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bricksandstones
LSU Fan
Member since Nov 2015
297 posts

Any experience with chronic exertional compartment syndrome?
I'm a 29 year old physically active male, but I have dealt with what I can only guess is CECS for over a year, believing it was shin splints. Whenever I run for about 1/2 mile or longer, or play basketball for any length, the muscles along the outside of my shin swell and tighten, to the point where the muscle and my feet begin to go numb.

I saw an orthopaedic specialist this morning who agrees that these symptoms are typical of CECS. I am scheduled to get a pressure test run where they stick needles in my muscles and measure pressure levels. From what I understand, the only real solution is surgical, and that is not even a 100% fix.

I would appreciate feedback from someone who has dealt with this or has firsthand experience on what to expect. TIA


CatfishJohn
LSU Fan
Member since Jun 2020
2664 posts

re: Any experience with chronic exertional compartment syndrome?
I like to consider myself a highly educated 41 year old guy with a lot of life experience. And I work in healthcare.

And I've never heard of this


bricksandstones
LSU Fan
Member since Nov 2015
297 posts

re: Any experience with chronic exertional compartment syndrome?
Mayo Clinic Overview

So you know I'm not making it up. I only know about this from trying to research what I'm experiencing. It has something to do with the facia of the muscle constricting bloodflow out of the muscle, hence the swelling and numbness.

The same thing can happen to limbs during traumatic accidents, which is called Acute compartment syndrome and is much more serious. It can even lead to loss of limbs. The surgical procedure to relieve this swelling is called a fasciotomoy and basically calls for a large incision in the fascia to relieve pressure.


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tigercross
Member since Feb 2008
3577 posts

re: Any experience with chronic exertional compartment syndrome?
I dealt with this condition throughout my high school & collegiate running careers. By luck I found out that the problem more or less disappeared if I ran in shoes with minimal cushioning, so I never had to go the surgical route. From what I've read, the surgery has a pretty rough recovery and not an awesome success rate.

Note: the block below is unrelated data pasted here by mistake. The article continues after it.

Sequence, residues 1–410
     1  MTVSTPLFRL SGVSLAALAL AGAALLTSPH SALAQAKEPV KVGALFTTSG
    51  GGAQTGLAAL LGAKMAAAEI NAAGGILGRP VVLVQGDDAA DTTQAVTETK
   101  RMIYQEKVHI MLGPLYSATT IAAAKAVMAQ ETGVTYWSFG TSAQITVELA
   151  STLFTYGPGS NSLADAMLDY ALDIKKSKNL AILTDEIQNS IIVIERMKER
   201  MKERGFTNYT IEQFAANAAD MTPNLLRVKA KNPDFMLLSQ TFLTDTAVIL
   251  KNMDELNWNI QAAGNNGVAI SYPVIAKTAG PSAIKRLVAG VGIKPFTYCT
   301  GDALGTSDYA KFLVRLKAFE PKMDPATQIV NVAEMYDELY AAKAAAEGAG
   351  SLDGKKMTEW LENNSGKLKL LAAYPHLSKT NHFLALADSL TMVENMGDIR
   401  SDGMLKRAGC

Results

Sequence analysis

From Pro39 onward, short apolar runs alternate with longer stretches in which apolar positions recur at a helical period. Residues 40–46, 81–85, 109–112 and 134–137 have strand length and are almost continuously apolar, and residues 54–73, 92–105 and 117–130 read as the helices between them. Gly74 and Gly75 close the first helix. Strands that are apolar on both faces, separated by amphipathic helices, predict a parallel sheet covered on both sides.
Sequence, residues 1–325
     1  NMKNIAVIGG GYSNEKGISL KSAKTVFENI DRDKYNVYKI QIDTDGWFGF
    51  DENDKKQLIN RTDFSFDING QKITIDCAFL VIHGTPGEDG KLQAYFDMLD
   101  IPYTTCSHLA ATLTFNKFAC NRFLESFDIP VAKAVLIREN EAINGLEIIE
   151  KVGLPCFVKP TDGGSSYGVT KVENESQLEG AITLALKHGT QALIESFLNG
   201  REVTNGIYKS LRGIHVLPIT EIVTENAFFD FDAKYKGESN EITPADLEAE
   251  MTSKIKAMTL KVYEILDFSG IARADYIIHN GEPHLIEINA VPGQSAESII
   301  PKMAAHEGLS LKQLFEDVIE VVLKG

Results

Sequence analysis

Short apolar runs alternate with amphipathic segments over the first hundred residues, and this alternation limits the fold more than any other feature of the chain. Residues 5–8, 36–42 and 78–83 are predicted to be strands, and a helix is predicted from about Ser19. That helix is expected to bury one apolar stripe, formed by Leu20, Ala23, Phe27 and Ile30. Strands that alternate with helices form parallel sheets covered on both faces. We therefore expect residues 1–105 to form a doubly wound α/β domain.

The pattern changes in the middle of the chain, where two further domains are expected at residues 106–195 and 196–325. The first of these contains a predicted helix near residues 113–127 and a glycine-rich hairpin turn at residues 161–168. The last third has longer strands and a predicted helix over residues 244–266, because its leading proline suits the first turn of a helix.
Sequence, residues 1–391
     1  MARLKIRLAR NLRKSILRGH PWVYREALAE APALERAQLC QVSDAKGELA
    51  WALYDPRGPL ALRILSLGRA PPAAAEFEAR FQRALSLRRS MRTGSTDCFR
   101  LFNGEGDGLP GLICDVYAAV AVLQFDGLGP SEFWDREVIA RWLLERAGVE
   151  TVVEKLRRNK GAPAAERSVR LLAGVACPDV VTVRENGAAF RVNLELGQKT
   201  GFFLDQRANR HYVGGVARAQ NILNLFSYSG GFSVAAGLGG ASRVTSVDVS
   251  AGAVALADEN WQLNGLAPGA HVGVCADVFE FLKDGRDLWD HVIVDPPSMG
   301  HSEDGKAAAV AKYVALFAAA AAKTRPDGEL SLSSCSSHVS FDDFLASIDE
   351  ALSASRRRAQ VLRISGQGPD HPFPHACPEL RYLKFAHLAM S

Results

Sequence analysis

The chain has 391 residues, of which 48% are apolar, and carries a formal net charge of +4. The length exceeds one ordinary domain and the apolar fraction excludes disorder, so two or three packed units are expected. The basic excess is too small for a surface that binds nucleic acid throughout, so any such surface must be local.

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boxcarbarney
LSU Fan
Constantinople Street
Member since Jul 2007
17614 posts

re: Any experience with chronic exertional compartment syndrome?
I have no personal experience with it, though from what I understand Myofascial release therapy may help. I'd look into that before deciding on surgery.


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AyyyBaw
LSU Fan
Member since Jan 2020
378 posts

re: Any experience with chronic exertional compartment syndrome?
I had similar symptoms from running anything further than 1/2 mile. That was about 4-5 years ago and symptoms started when I switched shoes to a heavily cushioned high heel lift running shoe. I stopped using those shoes and started using shoes with about 4mm heel lift and symptoms went away gradually. Hope you find an fix.


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bricksandstones
LSU Fan
Member since Nov 2015
297 posts

re: Any experience with chronic exertional compartment syndrome?
Update on this because some might find it interesting. I visited an ortho specialist who quickly confirmed my suspicions/ fears.

He ran something called a pressure test on four different compartments in my legs which involved sticking a giant arse needle into my legs (after numbing shots) and checking my pressure like you would a tire or football. He than had me run a mile on the treadmill then checked again.



Apparently my pressure numbers were extremely high and he pretty much told me surgery was my only fix then and there. He says this is a genetic problem and very rare. Just drew the short straw apparently. Oh well. I am told that the procedure has a 96% success rate for the anterior chamber so fairly good outlook.

He scheduled me for a surgery on New Year’s Eve. Great way to wrap the year. I had the fasciotomy done on the anterior chamber of each leg. He opened up a threeish inch incision on each and then ran up my legs opening each compartment

The first week of recovery was pretty rough and I needed a walker to get around. Had plenty of football to watch and holiday food to eat. Stayed on pain medication about a week. Doing better and healing now but will have some moderate scarring.

I will probably have the go ahead to try running again around March. Hoping to work myself back into shape. It has been tough maintaining a caloric deficit when I basically haven’t been able to run or play sports the last three years but my lift numbers are quite respectable. Here’s to getting back on your feet in the 2021 baws.


LSUfan20005
LSU Fan
Member since Sep 2012
6543 posts

re: Any experience with chronic exertional compartment syndrome?
Does the surgery keep a “hole” in the fascia?

I had chronic shin issues years ago and developed hernias “holes” in both shins. If my shins get too tight, the tissue sort of bubbles through visibly. So I do SMR and stretching very often.

A few years ago I saw a Dr about it in a bit of paranoia and he told me it’s nothing to worry about, that my body fixed the pressure issue on its own. Apparently it’s common in the upper thigh as well.


bricksandstones
LSU Fan
Member since Nov 2015
297 posts

re: Any experience with chronic exertional compartment syndrome?
That is a good question. My understanding was that the fascia would heal and reconnect, just with more "slack" so that the muscles are unrestricted. I have a follow-up to gey my stitches removed on Thursday and will make a point to have this clarified.


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